Good Morrow

From Wikipedia, the free encyclopedia
Jump to: navigation, search
Not to be confused with The Good-Morrow.

"Good Morrowe" is a poem written by George Gascoigne in 1557 and set to music by the English composer Sir Edward Elgar in 1929. Elgar titled it in modern English "Good Morrow" with the subtitle "A simple Carol for His Majesty's happy recovery", and it is a setting for unaccompanied four-part choir (SATB), though a piano accompanied is provided.[1]

The work was written to celebrate the recovery of King George V from serious illness.[2] In October 1929, Elgar, as Master of the King's Musick, was invited by Walford Davies (organist at St. George's Chapel, Windsor and himself next holder of that post) to write an appropriate work to be performed by the choir of St. George's at their Annual Concert in Windsor on 9 December 1929.[3] Elgar conducted the choir, and the performance was broadcast to the nation.

Elgar found the poem, called "You that have spent the silent night" in a volume of poems by George Gascoigne entitled "A hundreth Sundrie Floures bound up in one small Posie".[4] from which he extracted five verses. He gave the poem a hymn-like setting, possibly from music he had written in his youth, which he called 'just a simple tune'.[3]


Though Elgar changed Gascoigne's verse to modern English, he requested that the original sixteenth-century text be shown on the last page of the vocal score and be printed like that on programmes:

Good Morrow (Elgar)

You that have spent the silent night
In sleep and quiet rest,
And joy to see the cheerful light
That riseth in the east;
Now clear your voice, and cheer your heart,
Come help me now to sing:
Each willing wight, come bear a part,
To praise the heav'nly King.
And you whom care in prison keeps,
Or sickness doth suppress,
Or secret sorrow breaks your sleeps,
Or dolours do distress;
Yet bear a part in doleful wise,
Yea, think it good accord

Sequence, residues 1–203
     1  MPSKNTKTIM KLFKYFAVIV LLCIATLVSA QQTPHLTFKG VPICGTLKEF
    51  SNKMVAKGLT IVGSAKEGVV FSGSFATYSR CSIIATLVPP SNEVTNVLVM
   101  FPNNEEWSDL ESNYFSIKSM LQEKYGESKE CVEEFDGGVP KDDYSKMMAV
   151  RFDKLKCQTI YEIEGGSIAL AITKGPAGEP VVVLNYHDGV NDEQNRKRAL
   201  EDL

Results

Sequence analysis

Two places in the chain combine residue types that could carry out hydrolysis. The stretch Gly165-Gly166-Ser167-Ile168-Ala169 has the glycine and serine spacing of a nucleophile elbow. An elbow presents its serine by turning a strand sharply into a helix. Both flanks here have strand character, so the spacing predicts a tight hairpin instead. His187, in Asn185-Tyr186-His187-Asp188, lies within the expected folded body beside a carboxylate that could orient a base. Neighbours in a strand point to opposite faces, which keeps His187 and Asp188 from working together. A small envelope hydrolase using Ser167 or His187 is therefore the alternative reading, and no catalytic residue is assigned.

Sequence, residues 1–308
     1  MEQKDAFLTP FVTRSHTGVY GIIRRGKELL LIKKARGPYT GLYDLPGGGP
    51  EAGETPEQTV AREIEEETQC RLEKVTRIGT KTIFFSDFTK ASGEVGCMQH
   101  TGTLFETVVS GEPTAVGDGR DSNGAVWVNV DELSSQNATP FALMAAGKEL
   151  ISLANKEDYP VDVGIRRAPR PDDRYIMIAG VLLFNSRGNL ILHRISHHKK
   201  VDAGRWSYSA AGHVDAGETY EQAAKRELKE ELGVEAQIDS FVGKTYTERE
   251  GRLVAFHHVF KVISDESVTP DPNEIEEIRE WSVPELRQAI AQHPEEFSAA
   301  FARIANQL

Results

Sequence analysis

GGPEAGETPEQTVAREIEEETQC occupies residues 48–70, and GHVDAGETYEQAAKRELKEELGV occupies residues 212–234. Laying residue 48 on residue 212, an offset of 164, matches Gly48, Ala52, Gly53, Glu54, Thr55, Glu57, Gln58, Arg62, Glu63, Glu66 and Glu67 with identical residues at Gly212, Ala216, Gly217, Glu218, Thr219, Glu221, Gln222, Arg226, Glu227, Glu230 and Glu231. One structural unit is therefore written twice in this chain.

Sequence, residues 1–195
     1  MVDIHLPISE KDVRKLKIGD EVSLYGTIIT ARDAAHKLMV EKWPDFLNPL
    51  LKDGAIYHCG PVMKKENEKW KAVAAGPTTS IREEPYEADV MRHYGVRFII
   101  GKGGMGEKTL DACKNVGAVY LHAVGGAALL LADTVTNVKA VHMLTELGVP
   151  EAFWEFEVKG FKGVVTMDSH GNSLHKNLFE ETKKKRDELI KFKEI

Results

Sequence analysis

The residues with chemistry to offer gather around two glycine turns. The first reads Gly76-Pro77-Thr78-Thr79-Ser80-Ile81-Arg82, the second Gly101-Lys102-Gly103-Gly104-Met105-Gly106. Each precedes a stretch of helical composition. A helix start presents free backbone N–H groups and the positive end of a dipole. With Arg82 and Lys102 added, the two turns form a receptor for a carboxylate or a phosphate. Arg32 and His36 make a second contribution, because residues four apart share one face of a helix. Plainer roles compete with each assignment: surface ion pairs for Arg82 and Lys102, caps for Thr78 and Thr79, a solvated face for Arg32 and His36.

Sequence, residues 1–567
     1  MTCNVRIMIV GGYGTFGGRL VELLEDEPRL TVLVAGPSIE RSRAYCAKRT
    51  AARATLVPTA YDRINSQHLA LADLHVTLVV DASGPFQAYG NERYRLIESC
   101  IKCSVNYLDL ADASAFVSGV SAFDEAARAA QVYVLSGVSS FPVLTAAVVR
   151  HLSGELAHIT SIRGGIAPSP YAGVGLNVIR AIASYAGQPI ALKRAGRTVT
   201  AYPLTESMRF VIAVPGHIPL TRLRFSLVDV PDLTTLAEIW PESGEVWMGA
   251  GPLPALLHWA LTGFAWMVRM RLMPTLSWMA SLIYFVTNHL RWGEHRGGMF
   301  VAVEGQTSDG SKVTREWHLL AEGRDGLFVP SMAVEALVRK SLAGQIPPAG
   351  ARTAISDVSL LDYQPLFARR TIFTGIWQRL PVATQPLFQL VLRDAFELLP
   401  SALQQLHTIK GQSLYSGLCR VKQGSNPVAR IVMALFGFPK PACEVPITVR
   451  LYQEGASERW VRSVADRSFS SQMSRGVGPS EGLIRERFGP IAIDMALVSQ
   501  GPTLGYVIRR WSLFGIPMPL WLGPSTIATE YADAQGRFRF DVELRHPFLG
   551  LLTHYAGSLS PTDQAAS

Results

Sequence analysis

And an acceptable sacrifice,
Each sprite to praise the Lord.
The little birds which sing so sweet
Are like the angels' voice,
Which render God His praises meet
And teach us to rejoice:
And as they more esteem that mirth
Than dread the night's annoy,
So much we deem our days on earth
But hell to heav'nly joy.
Unto which joys for to attain,
God grant us all His grace,
And send us, after worldly pain,
In heav'n to have a place,
Where we may still enjoy that light
Which never shall decay:
Lord for Thy mercy lend us might
To see that joyful day.
The rainbow bending in the sky,
Bedeck'd with sundry hues,
Is like the seat of God on high,
And seems to tell these news:
That as thereby He promised
To drown the world no more,
So by the blood which Christ hath shed,
He will our health restore.

Good Morrowe (Gascoigne)

You that have spent the silent night
In sleepe and quiet rest,
And joye to see the cheerfull lyght
That ryseth in the East:
Now cleare your voyce, and chere your hart,
Come helpe me nowe to sing:
Eche willing wight, come beare a part,
To prayse the heavenly King.
And you whome care in prison keepes,
Or sickenes dothe suppresse,
Or secret sorrow breakes your sleepes,
Or dolours doe distresse:
Yet beare a parte in dolfull wise,
Yea, thinke it good accorde
And an acceptable sacrifice,
Eche sprite to prayse the lorde.
The little byrdes which sing so swete,
Are like the angelles voyce,
Which render God his prayses meete,
And teach us to rejoyce:
And as they more esteeme that myrth
Than dread the nights anoy,
So much we deeme our days on earth,
But hell to heavenly joye.
Unto which Joyes for to attayne,
God graunt us all his grace,
And sende us after worldly payne,
In heaven to have a place,
Where we maye still enjoye that light
Which never shall decaye:
Lorde for thy mercy lend us might
To see that joyfull daye.
The Rainbowe bending in the skye,
Bedeckte with sundrye hewes,
Is like the seate of God on hye,
And seemes to tell these newes:
That as thereby he promisèd,
To drowne the world no more,
So by the bloud which Christ hath shead,
He will our helth restore.



  1. ^ The piano accompaniment doubles the choir voices all through, only differing at the end of each verse where the bass is doubled in octaves.
  2. ^ Moore,Edward Elgar: A Creative Life, p. 782
  3. ^ a b Young: Letters of Elgar, p. 300
  4. ^ Time magazine, New York, 30 December 1929


  • Moore, Jerrold N. (1984). Edward Elgar: a Creative Life. Oxford: Oxford University Press. ISBN 0-19-315447-1. 
  • Young, Percy M. (1956). Letters of Edward Elgar and other writings. London: Geoffrey Bles.